Highlights: Global Nutrition Report, 2018

India has the highest number of ‘stunted’ children in the world and nearly a third of all stunted children worldwide are to be found in India as per the recently released WHO’s Global Nutrition Report, 2018.

About Global Nutrition Report

The Global Nutrition Report came into existence following the first Nutrition for Growth Initiative Summit (N4G) in 2013. The Global Nutrition Report was devised as a mechanism for tracking the commitments made by 100 stakeholders spanning governments, aid donors, civil society, the UN and businesses.
The Global Nutrition Report is the world’s leading report on the state of global nutrition. The report is delivered by an Independent Expert Group and guided at a strategic level by a Stakeholder Group, whose members also review the Report.
2018 Report: Global Profile

  • Stunting among children aged under five has fallen from 32.6 per cent in 2000 to 22.2 per cent in 2017
  • 20 million babies are born with low birth weight each year.
  • 3 million Children in the world over are overweight, while 38.9 per cent of adults are overweight or obese.
  • One third of all women of reproductive age have anaemia.
  • Women also have a higher prevalence of obesity than men.

2018 Report: Indian Profile

  • India has the highest number of ‘stunted’ children in the world and nearly a third of all stunted children worldwide are to be found in India.
  • About 46.6 million children in India suffer from stunting due to poor nutrition intake in the long term and repeated infections.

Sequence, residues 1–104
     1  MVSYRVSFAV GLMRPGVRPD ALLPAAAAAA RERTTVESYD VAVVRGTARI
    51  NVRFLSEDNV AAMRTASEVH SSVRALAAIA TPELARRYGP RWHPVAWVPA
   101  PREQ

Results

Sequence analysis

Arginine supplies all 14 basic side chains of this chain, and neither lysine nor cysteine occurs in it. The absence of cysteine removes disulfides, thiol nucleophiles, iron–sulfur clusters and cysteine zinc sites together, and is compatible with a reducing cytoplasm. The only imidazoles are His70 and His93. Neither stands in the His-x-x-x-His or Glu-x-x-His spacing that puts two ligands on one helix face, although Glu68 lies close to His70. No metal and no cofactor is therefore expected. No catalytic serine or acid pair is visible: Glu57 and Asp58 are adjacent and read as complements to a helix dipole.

• India is also the country with the highest number of children who are ‘wasted’. This is an even more severe indicator of acute malnutrition.
  • India has 25.5 million children who are wasted. Among the 50.5 million children who are wasted globally, India has half of the global wasting burden.
  • Stunting in India varied greatly from district to district (12.4 per cent to 65.1 per cent). 239 of 604 districts had stunting levels above 40 per cent.
  • As of 2015, the percentage of children Under 5 (both boys and girls) who were stunted was 37.9 per cent and the percentage of children Under 5 who were wasted was 20.8 per cent.
  • The households with the lowest incomes had the highest number of wasting (23.8 per cent) and stunting (50.7 per cent) among children aged under five years.
  • 7 per cent of children under five years of age were stunted in rural India while 30.6 per cent of children were stunted in urban India, while 21.1 per cent children aged under five were wasted in rural areas and 19.9 per cent were wasted in urban areas.
  • The report also shows the nutrition status of children and adolescents aged between five and19 years. 58.1 per cent of boys were underweight while 50.1 per cent girls were underweight. This difference between the genders is attributed to India’s adverse sex ratio in the first place.
  • More than half of all women of reproductive age (51.4 per cent), whether or not they were pregnant, suffered from anaemia.

The International Food Policy Research Institute (IFPRI) had used district-level aggregate data from the 2015-2016 National and Family Health Survey (NFHS) in India along with the data from UNICEF/WHO/World Bank Group: Joint child malnutrition estimates, NCD Risk Factor Collaboration, WHO Global Health Observatory.



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